While COVID-19 was the disease that made all the news in 2020, for Matt Contarino it was something that unfortunately is much more familiar – diabetes. The 60-year-old Alton resident was diagnosed after a routine exam that year at Family Physicians of Bethalto with Denise Schleeper, FNP.
From there, however, Matt has things under control – and he owes a huge debt of gratitude to the diabetes educators at Alton Memorial Hospital.
“I felt fortunate in the fact that I was the only one in my immediate family who did not have diabetes,” Contarino said. “Denise confirmed through my labs that I did, and she was very proactive with me, as I had thousands of questions in my head. She suggested that I contact the AMH Diabetes Management Center, I called immediately. The timing was perfect. I was signed up to start the very next month.”
Naomi Ward, registered dietitian at AMH, contacted Matt prior to classes starting to discuss his eating habits and set up his one on one visit with her.
“I was so thankful that I didn’t need to ‘give up’ any foods,” said Contarino, who works for United Access, a company that makes vehicles for those with disabilities. “I’m Italian, so I have to have my noodles. But Naomi educated me on portioning, times of day to eat certain items, consistent carb counting, overall nutrition and exercise. That by itself was eye opening and wonderful. The takeaway there is portions and watching my carbohydrate intake. I wish I had learned that earlier in my life.”
After meeting with Mrs. Ward, Contarino started the first of four recommended in-house classes with Kristin Cloninger, Kathy Ridenhour and Naomi Ward in the Diabetes Education classroom. Cloninger started the class by letting patients know where they are with diabetes, then she discussed where they want to be and she left time for any questions or fears one might have.
“This is where I expressed my feelings of fear of the unknown, such as thoughts of having to take insulin, kidney function, etc.,” Contarino said. “Kristin assured each of us that these items would be addressed in the upcoming classes.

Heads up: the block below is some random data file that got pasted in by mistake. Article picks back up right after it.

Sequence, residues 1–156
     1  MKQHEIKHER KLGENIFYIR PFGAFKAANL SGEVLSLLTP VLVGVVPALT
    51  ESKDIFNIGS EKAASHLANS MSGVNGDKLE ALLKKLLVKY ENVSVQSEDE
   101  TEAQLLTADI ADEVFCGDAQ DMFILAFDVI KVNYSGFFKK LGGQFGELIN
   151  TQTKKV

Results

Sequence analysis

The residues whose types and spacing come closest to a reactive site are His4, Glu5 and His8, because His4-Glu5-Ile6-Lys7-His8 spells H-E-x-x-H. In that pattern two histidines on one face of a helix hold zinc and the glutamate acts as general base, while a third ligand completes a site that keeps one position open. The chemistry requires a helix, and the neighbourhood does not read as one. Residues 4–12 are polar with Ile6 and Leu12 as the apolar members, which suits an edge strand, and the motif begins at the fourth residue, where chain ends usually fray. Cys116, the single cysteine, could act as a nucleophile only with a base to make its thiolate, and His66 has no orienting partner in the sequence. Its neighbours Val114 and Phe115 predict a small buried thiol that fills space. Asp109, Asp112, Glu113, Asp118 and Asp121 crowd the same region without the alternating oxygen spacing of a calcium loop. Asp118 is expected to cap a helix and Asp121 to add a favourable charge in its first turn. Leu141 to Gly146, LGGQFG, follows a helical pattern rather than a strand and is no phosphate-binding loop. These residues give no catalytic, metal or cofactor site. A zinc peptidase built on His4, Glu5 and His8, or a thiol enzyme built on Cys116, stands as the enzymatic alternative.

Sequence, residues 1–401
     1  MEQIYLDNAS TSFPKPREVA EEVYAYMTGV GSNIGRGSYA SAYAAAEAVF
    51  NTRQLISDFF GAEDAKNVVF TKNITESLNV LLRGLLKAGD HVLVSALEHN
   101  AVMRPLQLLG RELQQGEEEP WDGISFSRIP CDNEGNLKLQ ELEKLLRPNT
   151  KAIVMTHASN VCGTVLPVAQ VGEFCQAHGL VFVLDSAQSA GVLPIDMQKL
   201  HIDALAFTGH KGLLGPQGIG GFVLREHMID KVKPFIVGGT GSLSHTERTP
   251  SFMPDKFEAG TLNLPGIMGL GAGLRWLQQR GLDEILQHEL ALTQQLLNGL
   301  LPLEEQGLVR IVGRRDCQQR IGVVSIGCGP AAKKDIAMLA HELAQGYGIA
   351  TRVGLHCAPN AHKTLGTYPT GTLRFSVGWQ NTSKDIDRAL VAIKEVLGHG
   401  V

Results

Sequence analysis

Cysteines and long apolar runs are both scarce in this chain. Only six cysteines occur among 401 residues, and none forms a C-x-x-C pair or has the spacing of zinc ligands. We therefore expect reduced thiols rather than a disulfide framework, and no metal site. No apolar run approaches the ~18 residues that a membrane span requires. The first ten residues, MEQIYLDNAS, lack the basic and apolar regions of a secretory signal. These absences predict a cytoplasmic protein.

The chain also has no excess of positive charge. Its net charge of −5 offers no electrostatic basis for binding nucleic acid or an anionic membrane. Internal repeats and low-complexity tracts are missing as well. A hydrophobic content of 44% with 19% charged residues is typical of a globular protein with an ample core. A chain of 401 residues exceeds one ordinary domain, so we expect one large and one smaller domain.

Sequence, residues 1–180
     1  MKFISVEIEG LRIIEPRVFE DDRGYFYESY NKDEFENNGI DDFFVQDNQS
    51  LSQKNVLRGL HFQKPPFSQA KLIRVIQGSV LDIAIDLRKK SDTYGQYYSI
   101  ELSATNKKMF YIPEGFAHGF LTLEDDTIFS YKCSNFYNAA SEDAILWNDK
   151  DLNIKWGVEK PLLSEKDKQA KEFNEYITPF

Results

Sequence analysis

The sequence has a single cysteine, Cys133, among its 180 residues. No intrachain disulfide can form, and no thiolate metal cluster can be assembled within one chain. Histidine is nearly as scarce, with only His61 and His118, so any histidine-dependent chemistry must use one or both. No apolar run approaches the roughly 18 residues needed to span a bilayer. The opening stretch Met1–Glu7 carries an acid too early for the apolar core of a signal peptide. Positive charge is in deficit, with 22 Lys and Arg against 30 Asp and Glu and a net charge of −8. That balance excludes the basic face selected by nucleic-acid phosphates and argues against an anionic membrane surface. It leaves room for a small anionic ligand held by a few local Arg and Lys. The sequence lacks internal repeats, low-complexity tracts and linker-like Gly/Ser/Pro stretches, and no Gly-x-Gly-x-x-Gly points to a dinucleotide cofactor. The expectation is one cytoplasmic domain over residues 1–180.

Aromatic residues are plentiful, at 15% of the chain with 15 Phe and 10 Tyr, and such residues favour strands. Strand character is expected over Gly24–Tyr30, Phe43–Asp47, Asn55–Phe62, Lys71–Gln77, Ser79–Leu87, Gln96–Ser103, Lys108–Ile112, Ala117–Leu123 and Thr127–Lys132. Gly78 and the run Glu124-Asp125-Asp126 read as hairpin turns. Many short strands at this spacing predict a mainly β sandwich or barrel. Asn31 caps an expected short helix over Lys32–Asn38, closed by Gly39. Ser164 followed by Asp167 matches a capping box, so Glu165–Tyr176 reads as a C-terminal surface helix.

“By using visual aids and handouts, with Kristin’s knowledge and education, a calmness came over me as everything I was afraid of was explained. This helped me to see how and why all of these steps worked together to treat my diabetes.”
Contarino said that Ridenhour played a vital role as she offered support and set-up for classes. "She explained how our lunches were made specifically as part of the nutrition education that was taught by the dietitian. This was their way of showing us how to carb count through the food they fed us weekly.
“When my classes were near the end, all three of these educators offered to start an online support group where we would meet monthly virtually,” Contarino said. “As I was continuing my desire to learn how to live and maintain my life with diabetes, these meetings have proven beneficial for such things as sharing recipes, using low carb items, and expressing ideas we would like to discuss in the future .”
As a result, Contarino’s A1C has dropped from 8.9 to under 7, and he has lost 30 pounds since his diagnosis.
“I’m taking frequent walks to meet my exercise goals,” he said. “This all happened in a six-month time frame. I know none of this would have been possible without the support I have had from your Diabetes Management Team at Alton Memorial Hospital.”
PICTURED ABOVE: Matt Contarino looks over a cookbook with recipes for diabetic patients with dietitian Naomi Ward as well as (standing) Kathy Ridenhour and Kristin Cloninger.